Clew Bay, the environment and our future

Outdoor Living

WORKING TOGETHER Members of the Clew Bay Oyster Co-operative fishing in Clew Bay.  Pic: Alex Blackwell


Environment
Alex Blackwell

Clew Bay is undoubtedly an extraordinarily beautiful waterscape. It is perhaps the most stunning one I have had the good fortune to be a part of. Clew Bay is also home to a wide range of animal and plant life both above the water, on its adjacent shores, as well as below.
What is such great news is that the immense biodiversity of the bay has been held under protection from harm by local organizations, such as the Clew Bay Oyster Co-operative.
Whereas, on the surface, one would assume that the Oyster Co-op would only be interested in propagating and fishing oysters, the truth is, for it to achieve this, it must first ensure the overall environment is in very good order. This includes looking after the multitude of plant and animals (biodiversity) living in the bay and its environs. The co-op members are therefore always vigilant for anything, such as pollution, that might be detrimental to life in the bay.
Another self-proclaimed remit for the Clew Bay Oyster Co-op since its inception in the late 1970s has been to promote sustainable employment in Clew Bay. In addition to the controlled oyster fishing, this has been aquaculture in all its forms. This has included the careful introduction of salmon and trout farming.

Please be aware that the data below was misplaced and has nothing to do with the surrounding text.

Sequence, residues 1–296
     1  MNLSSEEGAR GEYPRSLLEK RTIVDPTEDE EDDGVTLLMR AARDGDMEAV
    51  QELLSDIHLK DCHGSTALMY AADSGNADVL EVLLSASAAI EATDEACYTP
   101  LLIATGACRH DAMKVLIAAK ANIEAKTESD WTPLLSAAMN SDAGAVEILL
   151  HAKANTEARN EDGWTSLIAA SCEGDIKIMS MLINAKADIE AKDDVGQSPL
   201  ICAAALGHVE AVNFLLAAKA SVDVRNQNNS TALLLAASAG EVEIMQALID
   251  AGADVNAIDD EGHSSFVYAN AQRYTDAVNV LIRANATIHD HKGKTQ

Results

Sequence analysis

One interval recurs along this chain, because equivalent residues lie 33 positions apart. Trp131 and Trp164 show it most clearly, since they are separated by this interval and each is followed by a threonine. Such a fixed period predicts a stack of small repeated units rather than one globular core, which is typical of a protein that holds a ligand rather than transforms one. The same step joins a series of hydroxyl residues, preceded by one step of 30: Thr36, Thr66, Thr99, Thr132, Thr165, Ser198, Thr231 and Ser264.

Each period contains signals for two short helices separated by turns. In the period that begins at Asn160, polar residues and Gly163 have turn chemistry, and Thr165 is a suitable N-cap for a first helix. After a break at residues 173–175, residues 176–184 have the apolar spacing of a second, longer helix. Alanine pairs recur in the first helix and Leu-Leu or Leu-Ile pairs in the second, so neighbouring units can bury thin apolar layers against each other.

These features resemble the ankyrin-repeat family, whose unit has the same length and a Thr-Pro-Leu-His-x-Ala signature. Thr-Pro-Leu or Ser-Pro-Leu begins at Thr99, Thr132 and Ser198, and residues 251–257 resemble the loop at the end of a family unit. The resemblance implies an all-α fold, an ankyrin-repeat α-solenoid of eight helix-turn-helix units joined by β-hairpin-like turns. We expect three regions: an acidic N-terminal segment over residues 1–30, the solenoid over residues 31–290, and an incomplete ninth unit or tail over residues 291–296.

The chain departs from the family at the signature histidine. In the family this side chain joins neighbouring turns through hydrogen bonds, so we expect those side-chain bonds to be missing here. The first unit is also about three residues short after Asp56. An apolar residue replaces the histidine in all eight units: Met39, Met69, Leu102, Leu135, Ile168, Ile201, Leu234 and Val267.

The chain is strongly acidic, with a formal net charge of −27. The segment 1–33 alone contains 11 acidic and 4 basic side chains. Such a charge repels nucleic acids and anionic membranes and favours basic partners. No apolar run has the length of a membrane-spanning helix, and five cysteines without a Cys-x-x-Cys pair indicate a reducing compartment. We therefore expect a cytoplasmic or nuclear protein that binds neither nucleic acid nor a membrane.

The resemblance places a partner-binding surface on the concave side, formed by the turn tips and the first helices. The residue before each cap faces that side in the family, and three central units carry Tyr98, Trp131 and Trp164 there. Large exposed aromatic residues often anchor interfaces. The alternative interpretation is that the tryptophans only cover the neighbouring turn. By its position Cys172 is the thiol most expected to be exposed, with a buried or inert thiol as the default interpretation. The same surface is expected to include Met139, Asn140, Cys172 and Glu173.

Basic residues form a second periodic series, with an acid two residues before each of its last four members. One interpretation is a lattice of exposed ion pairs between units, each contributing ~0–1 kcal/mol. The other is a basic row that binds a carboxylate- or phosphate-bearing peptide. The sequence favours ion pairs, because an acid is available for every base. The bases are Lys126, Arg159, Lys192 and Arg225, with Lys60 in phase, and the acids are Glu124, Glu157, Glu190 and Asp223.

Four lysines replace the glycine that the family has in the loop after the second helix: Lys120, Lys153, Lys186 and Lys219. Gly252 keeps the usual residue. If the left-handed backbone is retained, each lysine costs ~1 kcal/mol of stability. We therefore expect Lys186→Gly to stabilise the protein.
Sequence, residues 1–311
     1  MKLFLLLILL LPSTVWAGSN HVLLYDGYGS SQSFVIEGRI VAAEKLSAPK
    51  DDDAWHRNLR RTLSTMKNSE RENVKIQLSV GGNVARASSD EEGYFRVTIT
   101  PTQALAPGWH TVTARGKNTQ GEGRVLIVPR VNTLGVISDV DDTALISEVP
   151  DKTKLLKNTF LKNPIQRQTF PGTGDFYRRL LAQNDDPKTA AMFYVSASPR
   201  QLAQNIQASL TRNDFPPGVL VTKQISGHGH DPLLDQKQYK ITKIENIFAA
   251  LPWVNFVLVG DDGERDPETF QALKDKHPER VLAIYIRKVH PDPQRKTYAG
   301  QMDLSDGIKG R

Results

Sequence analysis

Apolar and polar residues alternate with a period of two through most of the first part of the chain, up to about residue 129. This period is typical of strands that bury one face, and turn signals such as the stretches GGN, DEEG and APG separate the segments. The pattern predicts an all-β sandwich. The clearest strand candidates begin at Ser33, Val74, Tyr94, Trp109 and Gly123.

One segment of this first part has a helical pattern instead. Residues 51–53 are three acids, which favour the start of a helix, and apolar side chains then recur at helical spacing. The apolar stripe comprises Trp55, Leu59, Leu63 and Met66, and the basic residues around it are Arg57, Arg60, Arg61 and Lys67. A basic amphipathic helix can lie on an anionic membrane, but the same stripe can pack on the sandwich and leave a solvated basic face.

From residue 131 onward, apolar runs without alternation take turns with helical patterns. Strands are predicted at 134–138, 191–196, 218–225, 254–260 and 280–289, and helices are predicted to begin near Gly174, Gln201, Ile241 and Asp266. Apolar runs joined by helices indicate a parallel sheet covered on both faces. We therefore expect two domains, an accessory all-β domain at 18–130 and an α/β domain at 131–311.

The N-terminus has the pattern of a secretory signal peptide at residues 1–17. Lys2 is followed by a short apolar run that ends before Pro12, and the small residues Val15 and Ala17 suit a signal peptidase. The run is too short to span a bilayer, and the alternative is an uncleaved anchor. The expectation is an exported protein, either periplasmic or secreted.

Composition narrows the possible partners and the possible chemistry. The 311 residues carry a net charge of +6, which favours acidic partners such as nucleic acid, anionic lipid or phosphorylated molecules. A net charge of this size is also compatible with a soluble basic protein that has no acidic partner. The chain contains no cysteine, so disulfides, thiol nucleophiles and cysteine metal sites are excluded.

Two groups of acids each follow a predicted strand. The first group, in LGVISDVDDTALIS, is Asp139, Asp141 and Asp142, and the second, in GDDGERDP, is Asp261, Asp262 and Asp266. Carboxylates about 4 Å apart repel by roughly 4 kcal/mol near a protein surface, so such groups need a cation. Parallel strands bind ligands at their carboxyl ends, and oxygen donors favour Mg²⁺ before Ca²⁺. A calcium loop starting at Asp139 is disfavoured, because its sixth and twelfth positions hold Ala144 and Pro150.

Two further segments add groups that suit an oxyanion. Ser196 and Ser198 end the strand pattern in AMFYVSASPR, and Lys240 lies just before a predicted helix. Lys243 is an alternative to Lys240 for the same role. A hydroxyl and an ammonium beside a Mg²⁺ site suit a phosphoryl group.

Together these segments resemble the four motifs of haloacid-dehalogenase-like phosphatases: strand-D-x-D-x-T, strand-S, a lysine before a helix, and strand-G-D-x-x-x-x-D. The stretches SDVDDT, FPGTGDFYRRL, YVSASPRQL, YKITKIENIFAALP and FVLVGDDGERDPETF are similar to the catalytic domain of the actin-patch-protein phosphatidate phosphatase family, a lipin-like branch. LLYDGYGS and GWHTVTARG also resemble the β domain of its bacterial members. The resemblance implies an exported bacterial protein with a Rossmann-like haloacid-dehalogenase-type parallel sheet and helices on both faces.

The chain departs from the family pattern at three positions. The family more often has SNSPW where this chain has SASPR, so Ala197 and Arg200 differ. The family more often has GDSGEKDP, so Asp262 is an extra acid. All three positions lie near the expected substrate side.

A by-product of finfish farming is a supply of good, clean nutrients which enhance algal growth in the bay. Micro-algae provide food for the shellfish in the bay, while the larger macro-algae are harvested by locals and sold to processors who, in turn, supply food, medical, cosmetics and other industries with a good, clean, organic product.
More interesting from the ‘future’ perspective are the mussel, oyster, clam and other shellfish-farming ventures, as well as the native oyster fishery. These sustainable farming ventures produce a by-product that may just help to save our planet from climate change.
Molluscs such as oysters and mussels sequester carbon dioxide in their shells, which are made of calcium carbonate – for thousands or even hundreds of thousands of years!
Another significant role the co-op has played in recent years is to have closed off a large section of Clew Bay to any form of dredging or trawling for fish or shellfish.
Within this area are large beds of coralline red algae, collectively called ‘maerl’. Maerl is another carbon sink, as it is made up of over 30 percent calcium carbonate. This same area also has significant seagrass beds, and seagrass has been shown to sequester more carbon than forests. These, as well as the oyster beds throughout Clew Bay, are important ecosystems where fish spawn and life abounds.
By promoting aquaculture and protecting sensitive areas in Clew Bay, the Clew Bay Oyster Co-op is fulfilling a very important role in the mitigation of climate change for all of us in our community. So, the next time you see someone working out on the bay you will know they are helping make matters better, while doing their job.

Did you know?

  • Oysters permanently sequester 441kg CO2-eq  per tonne
  • Harvested mussels sequester 218kg CO2-eq per tonne
  • Ocean seagrass beds sequester more carbon than terrestrial forests